"Seriously, do you want some closet case homophobe treating you anyway? If you legally force someone to treat you, what kind of care are you going to receive then? "

I want them fired, so they can't treat anyone.

The right of refusal is criminal. I couldn't be a firefighter who refuses to put out fires in black houses. You're wrong... you CAN'T be reprimanded for refusing to help gay people based on stupid bigoted beliefs. And that's wrong.



I don't know Patrick. I think you're right. I think I may be wrong. I've been conflicted on this for a long time and probably am leaning more toward making allowable reasons for refusal more clear. I've been opposed to changing it simply because I've been afraid any attempt to do so would go too far. Obviously, refusing to fill for patient safety or suspicion of fraud should continue to be allowed. I just hate to see more legislation on something that should be common sense.

Or... what is the other option? As a gay man, just keep hitting pharmacies until I find one who will serve me? Or legislate that all offices are double-staffed so at least ONE person is there to fill the order? Or, as I ask - give me a list of where to go.

Unless a work-around is in place, the idea of pharmacist refusal is not tenable.

Our recently re-elected Governor here in Washington (Yay!) issued an executive order to the Pharmacists in the state that required them to fill all prescriptions as written or lose their license.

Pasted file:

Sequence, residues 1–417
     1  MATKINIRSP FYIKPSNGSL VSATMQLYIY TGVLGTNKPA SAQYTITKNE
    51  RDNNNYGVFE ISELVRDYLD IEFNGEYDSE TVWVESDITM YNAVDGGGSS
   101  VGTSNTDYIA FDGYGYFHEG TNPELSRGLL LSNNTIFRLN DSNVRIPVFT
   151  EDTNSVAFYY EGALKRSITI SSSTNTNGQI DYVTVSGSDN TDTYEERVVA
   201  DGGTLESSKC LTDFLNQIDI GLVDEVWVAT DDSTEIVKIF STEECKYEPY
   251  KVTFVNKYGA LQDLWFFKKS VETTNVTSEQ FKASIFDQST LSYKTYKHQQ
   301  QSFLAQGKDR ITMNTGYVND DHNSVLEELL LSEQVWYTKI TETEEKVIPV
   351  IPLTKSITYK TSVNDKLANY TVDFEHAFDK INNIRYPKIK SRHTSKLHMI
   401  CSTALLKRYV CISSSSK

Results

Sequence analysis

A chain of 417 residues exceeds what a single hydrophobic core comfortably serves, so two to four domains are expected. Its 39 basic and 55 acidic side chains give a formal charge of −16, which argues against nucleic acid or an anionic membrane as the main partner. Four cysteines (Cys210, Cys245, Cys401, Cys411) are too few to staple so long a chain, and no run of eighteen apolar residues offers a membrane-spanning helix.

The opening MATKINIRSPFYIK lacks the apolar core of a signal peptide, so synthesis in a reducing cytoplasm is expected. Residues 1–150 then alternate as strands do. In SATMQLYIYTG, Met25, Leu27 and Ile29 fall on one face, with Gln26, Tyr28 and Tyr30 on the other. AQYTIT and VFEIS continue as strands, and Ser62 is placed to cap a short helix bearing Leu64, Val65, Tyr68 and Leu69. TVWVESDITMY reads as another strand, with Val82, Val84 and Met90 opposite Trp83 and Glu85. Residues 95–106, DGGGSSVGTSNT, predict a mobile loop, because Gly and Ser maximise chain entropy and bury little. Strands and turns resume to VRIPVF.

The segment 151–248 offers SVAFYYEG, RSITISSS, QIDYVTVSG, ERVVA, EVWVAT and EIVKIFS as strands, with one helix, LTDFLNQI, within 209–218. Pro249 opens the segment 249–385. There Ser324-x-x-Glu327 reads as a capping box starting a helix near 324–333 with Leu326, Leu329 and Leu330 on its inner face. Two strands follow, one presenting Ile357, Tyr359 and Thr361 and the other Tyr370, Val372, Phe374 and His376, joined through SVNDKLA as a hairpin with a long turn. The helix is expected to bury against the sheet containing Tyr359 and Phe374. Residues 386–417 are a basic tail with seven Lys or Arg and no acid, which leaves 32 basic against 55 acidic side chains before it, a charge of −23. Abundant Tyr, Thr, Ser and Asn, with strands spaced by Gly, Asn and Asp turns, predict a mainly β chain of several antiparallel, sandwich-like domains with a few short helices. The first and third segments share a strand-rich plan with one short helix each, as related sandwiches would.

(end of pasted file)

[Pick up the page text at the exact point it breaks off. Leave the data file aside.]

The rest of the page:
Medicine is science.

Religious bigotry is not.

Proper medical treatment cannot be dependent on whim, bigotry or politics.


PERFECT! I can move to Washington and drop my professional liability insurance because the governor of Washington just took legal responsibility for medication errors caused by the prescriber.

Edit: Oops, guess I should keep paying my premium. She gave herself an out, "a lawful prescription should be filled unless there is a clinical or patient safety issue"

Edited at 2009-01-17 08:41 pm (UTC)

LAUGH!

Her order involved refusal to prescribe contraceptives and drugs for *religious* reasons, as well you know!

*muttering*

"Smart-ass"

*giggle*

Plus, the Board of the state, which had tried to pass *religious bigotry* exemptions, was told to cut that shit out, or she was going to fire and replace them with people who actually cared more about their living patients than their Living God.

"Filling a prescription is hardly comparable, no matter what you may assume you know about it, from watching across a retail counter."

Sometimes I'm cranky, and see the Walmart pill-delivery guy as nothing but a human vending machine, no more ethically qualified to refuse my prescriptions than the check-out guy.

But, you're right. I've seen "It's a Wonderful Life" enough times to know that a pharmacist's mistake can kill. But that makes it WORSE! A woman comes in distraught after a rape, and somehow the christian asshole thinks it's a good tome to say no. Not helping sick people in their darkest hour of need is an evil evil thing.


I agree and I'm embarrassed people in my profession aren't putting patient welfare above their moral beliefs. Leave the judgement to your Jesus.